The Ekos, on the other hand, shines in other areas. It’s a joy to listen to because it’s so melodic. Chic’s ‘Le Freak’ is a tightly syncopated workout for bass and rhythm guitars, drums and Fender Rhodes electric piano, and rarely have I heard it hang together quite so well. The Ekos does the opposite of the SME V, which enjoys expressing the track’s seismic bass and subtle nuance but ignores the melodic plot entirely. It dives right into the song and boogies, allowing the bass guitar to carry things along at a breakneck speed. The Ekos’ ability to catch the leading and trailing edges of notes in a tune is the explanation behind this. It manages to slot the piece together better by precisely expressing the assault, detail, sustain, and release of a plucked guitar string or a pounded piano cadence.

In comparison, its competitors fall short to a greater or lesser level. The SME V does a good job with attack transients as well, but it falls short of tying them together into a unified, musical whole. Unipivots like Naim’s ARO or Graham’s 1.5 are worst of all at leading edges – giving the impression of a slightly soft sound – but best of all at weaving the body of the notes together. The Linn’s ability to start and stop on a sixpence, unlike the SME V, does not make it sound mechanical. The Ekos sounds a little regulated in comparison to the unipivots’ supple music creating, but that’s more to do with the Naim and Graham’s extraordinarily fluid nature. When you put it up against the SME, you realize how good the Ekos is at hanging on and off the rhythm. It brought out Chic’s keyboardist’s amazingly relaxed insouciance like no other arm I’ve heard.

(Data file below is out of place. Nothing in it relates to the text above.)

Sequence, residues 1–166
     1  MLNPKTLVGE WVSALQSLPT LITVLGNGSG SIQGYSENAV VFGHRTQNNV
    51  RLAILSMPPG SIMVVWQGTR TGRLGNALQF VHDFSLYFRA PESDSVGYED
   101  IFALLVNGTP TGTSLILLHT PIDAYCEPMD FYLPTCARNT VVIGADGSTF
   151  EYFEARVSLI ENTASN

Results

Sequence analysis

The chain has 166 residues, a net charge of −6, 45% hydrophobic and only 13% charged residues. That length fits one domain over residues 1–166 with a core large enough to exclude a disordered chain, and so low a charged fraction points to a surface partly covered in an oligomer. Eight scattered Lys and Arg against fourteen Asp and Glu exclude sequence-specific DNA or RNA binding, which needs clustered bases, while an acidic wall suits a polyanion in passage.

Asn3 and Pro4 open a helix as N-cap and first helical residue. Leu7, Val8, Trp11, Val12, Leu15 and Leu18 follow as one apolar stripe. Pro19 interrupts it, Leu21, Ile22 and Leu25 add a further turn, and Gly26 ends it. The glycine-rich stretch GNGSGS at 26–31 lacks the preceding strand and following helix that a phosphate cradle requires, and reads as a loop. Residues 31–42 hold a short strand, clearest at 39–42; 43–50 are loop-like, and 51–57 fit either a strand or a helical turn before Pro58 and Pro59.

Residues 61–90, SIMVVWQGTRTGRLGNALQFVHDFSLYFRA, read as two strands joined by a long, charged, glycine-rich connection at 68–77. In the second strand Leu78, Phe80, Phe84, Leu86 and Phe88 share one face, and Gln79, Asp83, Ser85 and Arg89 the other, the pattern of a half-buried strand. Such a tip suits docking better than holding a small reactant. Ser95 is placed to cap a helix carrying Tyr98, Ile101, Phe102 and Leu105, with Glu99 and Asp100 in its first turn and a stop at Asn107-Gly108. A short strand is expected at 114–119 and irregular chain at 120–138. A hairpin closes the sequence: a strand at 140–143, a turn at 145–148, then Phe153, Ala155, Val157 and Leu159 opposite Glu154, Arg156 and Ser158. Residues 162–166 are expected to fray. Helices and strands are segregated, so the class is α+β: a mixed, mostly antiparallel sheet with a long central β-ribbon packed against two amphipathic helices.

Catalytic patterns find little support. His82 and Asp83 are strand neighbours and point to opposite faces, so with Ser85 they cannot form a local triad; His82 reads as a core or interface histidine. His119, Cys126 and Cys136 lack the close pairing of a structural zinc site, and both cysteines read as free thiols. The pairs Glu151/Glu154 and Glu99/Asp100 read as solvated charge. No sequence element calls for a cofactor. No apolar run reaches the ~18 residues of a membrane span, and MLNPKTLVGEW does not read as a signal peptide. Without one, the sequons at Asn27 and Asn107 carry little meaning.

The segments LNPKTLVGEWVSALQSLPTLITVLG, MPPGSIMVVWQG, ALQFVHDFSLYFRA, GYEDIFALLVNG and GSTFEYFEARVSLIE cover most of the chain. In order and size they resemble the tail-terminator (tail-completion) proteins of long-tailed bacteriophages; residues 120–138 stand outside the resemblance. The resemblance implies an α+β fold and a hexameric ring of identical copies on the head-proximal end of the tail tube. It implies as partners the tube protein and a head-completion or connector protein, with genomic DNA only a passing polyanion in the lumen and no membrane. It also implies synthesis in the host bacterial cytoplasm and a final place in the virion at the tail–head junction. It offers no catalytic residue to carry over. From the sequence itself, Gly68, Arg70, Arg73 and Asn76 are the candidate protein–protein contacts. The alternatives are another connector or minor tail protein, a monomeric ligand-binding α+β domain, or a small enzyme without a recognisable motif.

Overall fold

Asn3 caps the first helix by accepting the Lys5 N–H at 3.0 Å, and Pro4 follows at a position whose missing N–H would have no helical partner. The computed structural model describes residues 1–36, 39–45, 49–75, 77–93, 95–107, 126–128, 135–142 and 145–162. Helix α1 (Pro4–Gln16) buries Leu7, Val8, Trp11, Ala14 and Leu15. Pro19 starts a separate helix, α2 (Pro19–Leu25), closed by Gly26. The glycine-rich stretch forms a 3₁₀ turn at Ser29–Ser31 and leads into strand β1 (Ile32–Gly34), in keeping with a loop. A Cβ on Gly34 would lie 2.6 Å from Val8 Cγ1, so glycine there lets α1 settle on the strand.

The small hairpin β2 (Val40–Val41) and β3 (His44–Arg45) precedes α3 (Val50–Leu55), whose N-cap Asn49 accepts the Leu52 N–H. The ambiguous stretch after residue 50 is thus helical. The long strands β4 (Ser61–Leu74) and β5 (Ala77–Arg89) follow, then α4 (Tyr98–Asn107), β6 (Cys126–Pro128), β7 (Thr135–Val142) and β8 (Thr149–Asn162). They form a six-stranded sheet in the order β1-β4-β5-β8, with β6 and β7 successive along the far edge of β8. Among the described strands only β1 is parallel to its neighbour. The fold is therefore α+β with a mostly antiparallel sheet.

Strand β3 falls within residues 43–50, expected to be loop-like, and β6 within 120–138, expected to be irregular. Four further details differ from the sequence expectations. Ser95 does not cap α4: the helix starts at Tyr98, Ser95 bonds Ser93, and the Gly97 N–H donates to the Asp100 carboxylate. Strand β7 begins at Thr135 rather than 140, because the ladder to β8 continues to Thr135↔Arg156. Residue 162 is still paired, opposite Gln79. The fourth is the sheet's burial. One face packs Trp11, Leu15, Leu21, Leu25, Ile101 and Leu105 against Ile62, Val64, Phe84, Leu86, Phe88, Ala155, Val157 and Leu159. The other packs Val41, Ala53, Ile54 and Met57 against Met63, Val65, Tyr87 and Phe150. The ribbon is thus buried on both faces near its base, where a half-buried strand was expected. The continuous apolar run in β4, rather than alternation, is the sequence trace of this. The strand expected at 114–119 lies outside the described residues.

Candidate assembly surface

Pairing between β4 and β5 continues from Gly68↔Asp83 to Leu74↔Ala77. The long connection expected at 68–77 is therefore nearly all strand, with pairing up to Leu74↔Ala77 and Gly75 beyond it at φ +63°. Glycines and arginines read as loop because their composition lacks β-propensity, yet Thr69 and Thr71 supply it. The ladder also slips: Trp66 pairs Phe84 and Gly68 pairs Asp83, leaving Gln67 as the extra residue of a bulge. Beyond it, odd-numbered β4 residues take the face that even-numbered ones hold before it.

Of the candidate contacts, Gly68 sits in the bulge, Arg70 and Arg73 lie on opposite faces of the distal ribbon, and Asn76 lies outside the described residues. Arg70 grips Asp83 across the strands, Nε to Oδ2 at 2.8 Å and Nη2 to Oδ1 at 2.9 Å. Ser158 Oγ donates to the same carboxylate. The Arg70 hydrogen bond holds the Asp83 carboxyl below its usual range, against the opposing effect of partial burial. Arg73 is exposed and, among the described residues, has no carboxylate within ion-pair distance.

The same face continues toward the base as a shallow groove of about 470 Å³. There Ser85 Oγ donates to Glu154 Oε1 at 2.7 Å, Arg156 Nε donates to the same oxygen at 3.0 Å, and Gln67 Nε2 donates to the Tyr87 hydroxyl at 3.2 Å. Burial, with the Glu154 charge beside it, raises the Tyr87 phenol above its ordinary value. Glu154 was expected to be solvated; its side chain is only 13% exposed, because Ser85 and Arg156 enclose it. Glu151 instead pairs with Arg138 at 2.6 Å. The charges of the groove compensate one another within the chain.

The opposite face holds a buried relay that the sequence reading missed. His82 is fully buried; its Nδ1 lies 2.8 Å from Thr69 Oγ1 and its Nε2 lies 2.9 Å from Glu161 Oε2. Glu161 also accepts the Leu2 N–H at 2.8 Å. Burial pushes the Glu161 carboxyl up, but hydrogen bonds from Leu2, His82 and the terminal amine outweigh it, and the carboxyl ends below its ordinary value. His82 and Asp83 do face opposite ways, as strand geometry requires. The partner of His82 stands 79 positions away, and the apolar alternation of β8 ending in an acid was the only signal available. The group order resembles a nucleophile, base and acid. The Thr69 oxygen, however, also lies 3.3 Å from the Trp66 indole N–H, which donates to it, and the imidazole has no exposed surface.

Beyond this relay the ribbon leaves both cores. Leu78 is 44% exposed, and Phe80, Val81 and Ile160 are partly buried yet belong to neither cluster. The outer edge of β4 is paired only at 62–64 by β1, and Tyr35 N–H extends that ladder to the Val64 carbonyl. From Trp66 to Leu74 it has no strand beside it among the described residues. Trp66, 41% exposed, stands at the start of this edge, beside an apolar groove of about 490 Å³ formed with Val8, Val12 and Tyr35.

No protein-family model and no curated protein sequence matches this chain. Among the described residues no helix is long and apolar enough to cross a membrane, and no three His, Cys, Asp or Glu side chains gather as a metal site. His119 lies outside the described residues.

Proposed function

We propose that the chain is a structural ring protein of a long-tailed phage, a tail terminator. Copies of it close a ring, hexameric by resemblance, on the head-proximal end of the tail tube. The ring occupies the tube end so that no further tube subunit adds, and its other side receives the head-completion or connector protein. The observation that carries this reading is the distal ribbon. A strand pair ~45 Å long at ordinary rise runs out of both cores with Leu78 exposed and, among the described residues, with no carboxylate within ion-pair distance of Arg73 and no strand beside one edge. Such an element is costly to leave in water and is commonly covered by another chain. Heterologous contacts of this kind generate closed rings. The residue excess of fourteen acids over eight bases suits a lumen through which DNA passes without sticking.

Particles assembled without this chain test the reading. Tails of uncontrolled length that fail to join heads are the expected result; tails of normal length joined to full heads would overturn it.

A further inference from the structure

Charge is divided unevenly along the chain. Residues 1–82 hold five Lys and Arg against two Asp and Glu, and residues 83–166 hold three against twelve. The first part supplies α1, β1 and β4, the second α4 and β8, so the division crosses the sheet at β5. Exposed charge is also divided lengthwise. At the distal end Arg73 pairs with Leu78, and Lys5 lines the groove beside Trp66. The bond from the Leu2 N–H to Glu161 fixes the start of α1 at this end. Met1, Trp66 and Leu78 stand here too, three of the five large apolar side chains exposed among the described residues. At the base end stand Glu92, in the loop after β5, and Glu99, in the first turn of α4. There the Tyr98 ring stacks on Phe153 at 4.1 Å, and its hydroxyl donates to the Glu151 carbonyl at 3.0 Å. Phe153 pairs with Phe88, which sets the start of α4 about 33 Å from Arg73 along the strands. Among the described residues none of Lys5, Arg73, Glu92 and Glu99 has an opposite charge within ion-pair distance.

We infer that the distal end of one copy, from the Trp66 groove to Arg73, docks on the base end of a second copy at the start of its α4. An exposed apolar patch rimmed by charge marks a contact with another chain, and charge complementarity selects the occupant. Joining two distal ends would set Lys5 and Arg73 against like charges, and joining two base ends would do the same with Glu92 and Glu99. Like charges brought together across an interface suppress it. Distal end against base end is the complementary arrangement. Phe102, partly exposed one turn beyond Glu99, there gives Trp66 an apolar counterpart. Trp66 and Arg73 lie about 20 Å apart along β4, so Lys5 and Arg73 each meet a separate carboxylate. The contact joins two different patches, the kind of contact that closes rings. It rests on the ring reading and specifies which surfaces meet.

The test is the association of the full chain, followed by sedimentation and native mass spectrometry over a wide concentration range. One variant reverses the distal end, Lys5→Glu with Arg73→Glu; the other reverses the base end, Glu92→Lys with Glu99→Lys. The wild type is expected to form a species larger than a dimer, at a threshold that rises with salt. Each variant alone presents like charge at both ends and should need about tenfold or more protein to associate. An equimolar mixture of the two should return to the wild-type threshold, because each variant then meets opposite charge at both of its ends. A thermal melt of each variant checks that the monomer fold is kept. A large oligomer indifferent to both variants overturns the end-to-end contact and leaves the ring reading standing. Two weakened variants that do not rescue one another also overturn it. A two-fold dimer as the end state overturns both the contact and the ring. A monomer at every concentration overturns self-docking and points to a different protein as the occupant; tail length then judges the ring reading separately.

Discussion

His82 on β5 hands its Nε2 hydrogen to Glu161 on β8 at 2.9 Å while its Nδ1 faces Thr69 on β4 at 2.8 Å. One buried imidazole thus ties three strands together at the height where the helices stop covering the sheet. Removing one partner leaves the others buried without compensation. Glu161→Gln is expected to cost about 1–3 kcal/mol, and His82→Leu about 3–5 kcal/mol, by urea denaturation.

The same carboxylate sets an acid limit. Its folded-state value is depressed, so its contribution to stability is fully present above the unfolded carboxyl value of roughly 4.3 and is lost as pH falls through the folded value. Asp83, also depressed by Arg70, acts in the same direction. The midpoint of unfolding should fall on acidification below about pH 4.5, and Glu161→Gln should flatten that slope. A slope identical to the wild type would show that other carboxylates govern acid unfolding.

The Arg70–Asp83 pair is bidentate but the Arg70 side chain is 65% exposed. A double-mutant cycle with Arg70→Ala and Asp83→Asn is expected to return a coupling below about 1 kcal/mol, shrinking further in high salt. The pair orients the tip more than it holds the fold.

The SME’s dynamics are enjoyable, if not the finest of the bunch — it doesn’t sit as well on musical peaks and crescendos as the Linn. The Ekos compensates for this with its microdynamic ability – the Linn is better at imparting those subtle phrasing and accent inflections. Low-level detailing is also excellent, with the Ekos revealing details at the rear of the mix that are difficult to hear with other tonearms.

It’s a mixed bag when it comes to imaging and sound staging. The Ekos doesn’t sound shut in but instead chooses to throw everything out to the extremes of the soundstage, as if you’d pressed the ‘stereo wide’ button on your ghetto blaster. The effect of listening in ‘widescreen’ is nice, although the visual position between the two speakers is less precise than the SME. Similarly, the stage depth, which isn’t the deepest you’ll hear on vinyl, isn’t the deepest you’ll hear. The SME V’s frequency extremes aren’t very noteworthy, with the SME V outperforming every other arm in the bass department, but its low frequencies are deliciously tight and supple.

Linn’s latest Ekos is an imperfect treasure overall. It is a captivating and engaging performer that outperforms the competition when it comes to transmitting the rhythm, groove, and swing of music. While not the most neutral or transparent pick-up arm ever made, in practice it proves to be a great half-way house between the fluidity of the Naim and Graham unipivots and the analysis, depth and detail of the SME V. It’s quite pricey right now, but you’d be foolish to overlook this superbly constructed piece of precise engineering.